Northern Wilds Magazine
The south side of St. Ignance Island is magical. | GORD ELLIS
Northern Trails

A Day to Remember at St. Ignace Island

Three decades ago, a few friends and I used to make an annual trip to St. Ignace Island, in Nipigon Bay. The island is massive and features a variety of coves, bays, and straits that are great for camping and fishing. We would usually head out to the island at ice out and tent for a week—though one time we stayed in a cabin. The trips were always memorable, and the south side of the island was one of the most magical places I’d ever seen. However, as lives changed and my family grew, that trip fell by the wayside. St. Ignace became the distant island I could see from the deck of Quebec Lodge, as I had coffee each morning and looked out over Nipigon Bay.

Then, last month, something unexpected happened. A guiding guest didn’t show up. Efforts were made to contact the person, but they were MIA. So, suddenly I had a free day. The wind was flat and the big lake was calm. The Windy app said very light winds all day, which meant easy travel. St. Ignace was shining in the distance and the decision was made. I’d be revisiting some of my old haunts on the island.

I put in at the beautiful marina in Red Rock, Ont. and pointed my 18-foot Lund Pro Guide south to the Nipigon Straits. It can be a long run to the straits, but flat seas and a boat clipping along at 35 mph shortened it. Entering the straits brought back the first flood of memories. One time, on an early May trip, we encountered floating ice here and had to play icebreaker to get to the south side of the island. Probably not the wisest thing we could have done in retrospect, but we were young and keen. There was no ice on this sunny, warm day and the boat quickly made its way to Blind Channel. It had been a long time since I’d negotiated this tricky spot, but some floating jugs marked the deeper right-hand channel, which allows safe passage. More than once in the old days we got a little too shallow in the channel and put the prop into sand.

Author Gord Ellis in his boat. | GORD ELLIS

Once through the channel, the expanse of Lake Superior appeared. It’s difficult to describe the awesomeness of Lake Superior, but when you look out and see only water on the horizon, it is breathtaking. The south side of St. Ignace is dotted with islands, reefs, and points. The water is also crystal clear, verging on aqua marine. It’s beautiful and rugged, and still primarily untouched, save for a small fishing lodge and a few cabins.

As I made my way along the island, old fishing spots revealed themselves. In the late 1980s and early 1990s, when I was regularly visiting this area, steelhead (rainbow) trout were the primary target. We would cast to the shoals and river mouths and catch lovely fish. Some of them were very large indeed. Yet, in the past decade or so, the fishery has changed. The native coaster brook trout have rebounded after being fished down to very low levels in the 1980s. I don’t remember catching more than one coaster back in the old days, and we fished hard. Lakers were an occasional catch then, but not numerous. I was excited to experience the fishery in 2023.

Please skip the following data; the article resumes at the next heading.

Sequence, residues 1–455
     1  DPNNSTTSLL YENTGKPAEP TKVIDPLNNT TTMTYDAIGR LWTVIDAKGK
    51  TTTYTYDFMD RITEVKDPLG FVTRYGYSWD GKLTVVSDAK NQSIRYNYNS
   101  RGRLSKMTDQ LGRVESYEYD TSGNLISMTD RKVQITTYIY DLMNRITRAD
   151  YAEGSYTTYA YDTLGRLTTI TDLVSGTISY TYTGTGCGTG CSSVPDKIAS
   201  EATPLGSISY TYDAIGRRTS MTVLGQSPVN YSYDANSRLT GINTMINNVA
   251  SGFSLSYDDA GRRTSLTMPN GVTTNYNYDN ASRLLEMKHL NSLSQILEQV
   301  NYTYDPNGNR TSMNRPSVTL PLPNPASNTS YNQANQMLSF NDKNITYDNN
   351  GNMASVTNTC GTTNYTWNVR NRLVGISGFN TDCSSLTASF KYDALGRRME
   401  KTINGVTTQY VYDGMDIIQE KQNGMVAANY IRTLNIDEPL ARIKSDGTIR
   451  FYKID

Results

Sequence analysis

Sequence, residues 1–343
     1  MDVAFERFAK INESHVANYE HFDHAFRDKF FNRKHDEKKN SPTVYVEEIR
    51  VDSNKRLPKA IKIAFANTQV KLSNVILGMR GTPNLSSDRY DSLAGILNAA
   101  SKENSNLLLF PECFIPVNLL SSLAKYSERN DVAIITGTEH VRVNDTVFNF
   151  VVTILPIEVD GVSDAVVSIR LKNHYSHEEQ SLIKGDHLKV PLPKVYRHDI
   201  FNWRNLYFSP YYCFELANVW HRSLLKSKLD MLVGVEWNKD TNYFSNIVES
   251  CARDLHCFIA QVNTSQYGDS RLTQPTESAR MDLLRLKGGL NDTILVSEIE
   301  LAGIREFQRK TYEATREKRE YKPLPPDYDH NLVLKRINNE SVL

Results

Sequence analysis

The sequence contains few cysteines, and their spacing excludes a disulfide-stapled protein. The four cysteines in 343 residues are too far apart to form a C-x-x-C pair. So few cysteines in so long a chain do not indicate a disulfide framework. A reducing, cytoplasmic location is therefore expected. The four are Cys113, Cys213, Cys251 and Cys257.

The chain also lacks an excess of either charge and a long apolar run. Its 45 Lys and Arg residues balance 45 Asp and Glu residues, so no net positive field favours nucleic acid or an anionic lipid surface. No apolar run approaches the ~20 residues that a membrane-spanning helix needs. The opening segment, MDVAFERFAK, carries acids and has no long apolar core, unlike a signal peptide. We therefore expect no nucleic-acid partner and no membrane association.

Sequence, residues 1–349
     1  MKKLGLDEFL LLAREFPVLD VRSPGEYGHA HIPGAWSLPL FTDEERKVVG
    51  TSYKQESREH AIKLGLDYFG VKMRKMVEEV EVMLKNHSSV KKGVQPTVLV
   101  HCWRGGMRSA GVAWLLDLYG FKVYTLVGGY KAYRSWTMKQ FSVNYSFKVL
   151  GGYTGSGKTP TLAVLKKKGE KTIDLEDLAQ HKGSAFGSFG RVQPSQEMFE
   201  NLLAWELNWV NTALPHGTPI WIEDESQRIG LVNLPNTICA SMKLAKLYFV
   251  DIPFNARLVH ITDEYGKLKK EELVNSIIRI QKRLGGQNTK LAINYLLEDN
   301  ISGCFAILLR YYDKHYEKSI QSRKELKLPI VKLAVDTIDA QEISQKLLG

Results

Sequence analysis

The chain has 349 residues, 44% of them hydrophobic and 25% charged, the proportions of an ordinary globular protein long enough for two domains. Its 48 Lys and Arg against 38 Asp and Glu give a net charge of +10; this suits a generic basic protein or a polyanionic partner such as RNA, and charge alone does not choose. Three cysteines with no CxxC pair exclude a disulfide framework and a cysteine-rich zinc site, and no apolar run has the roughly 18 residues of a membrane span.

At a large reef off a small island, I killed the outboard and dropped the trolling motor. There were boulders and rocks that extended out about 100 yards before breaking off into deep water. If there were brookies around, this would be a good bet. A brown and bronze jig fly was picked to start, and I pitched it to the edge of the break. On the second cast, I felt a touch on the line and then a hard hit. A fish! It flashed silver, but didn’t jump like a steelhead often would. The fight was hard, but the fish stayed deep. As I prepped the net, I could see it was a coaster brook trout. The fish came to the surface and with one arm I scooped it up and deposited it on the floor of the boat. The trout was a stout 19-inch specimen, its blue halos barely visible underneath the silver sheen a coaster will often wear. I took a couple pictures of the fish, then released it back to the lake.

Moving on, the moments of deja vu and nostalgia came in waves. At Bowman Island, I instantly thought of my dearly departed friend Bill Friday, who originally talked me into doing the St. Ignace adventures of old and was endlessly enthusiastic about it. On our first trip to the island in about 1987, we had borrowed a 14-foot boat and 20 HP motor, and went from Rossport to the Moffat Straits fully loaded. Travelling to the island in that small boat was not a well thought out idea, but we had so much fun. I could feel Bill’s spirit with me as the day wore on.

A lake trout rises from the depths of Superior. | GORD ELLIS

A few other boats were fishing in the area, and most of them were trolling. Judging by the regular appearance of nets, the fishing for lake trout was good. Trolling got me one laker, but my preference is to cast. I began working the fronts of the islands with a lead jig and 4-inch Berkley Power Minnow. It turned out the lakers were patrolling the deep breaks off the islands, and I nailed several chunky fish casting jigs. The lake trout on the south side of St. Ignace were dark, lean, and beautiful. They also fought like crazy.

As the evening approached, I knew it was time to leave. This is a remote area, and if you get into trouble, you don’t want to be the last boat out. I took one last cast along a rocky shoreline and was greeted by a hard strike. The 21-inch coaster brook trout had a bit more colour than the first, and was a perfect specimen. It was a great way to end what had been a beautiful and emotional day, revisiting a very special place.

A piece of my heart remains at St. Ignace Island.

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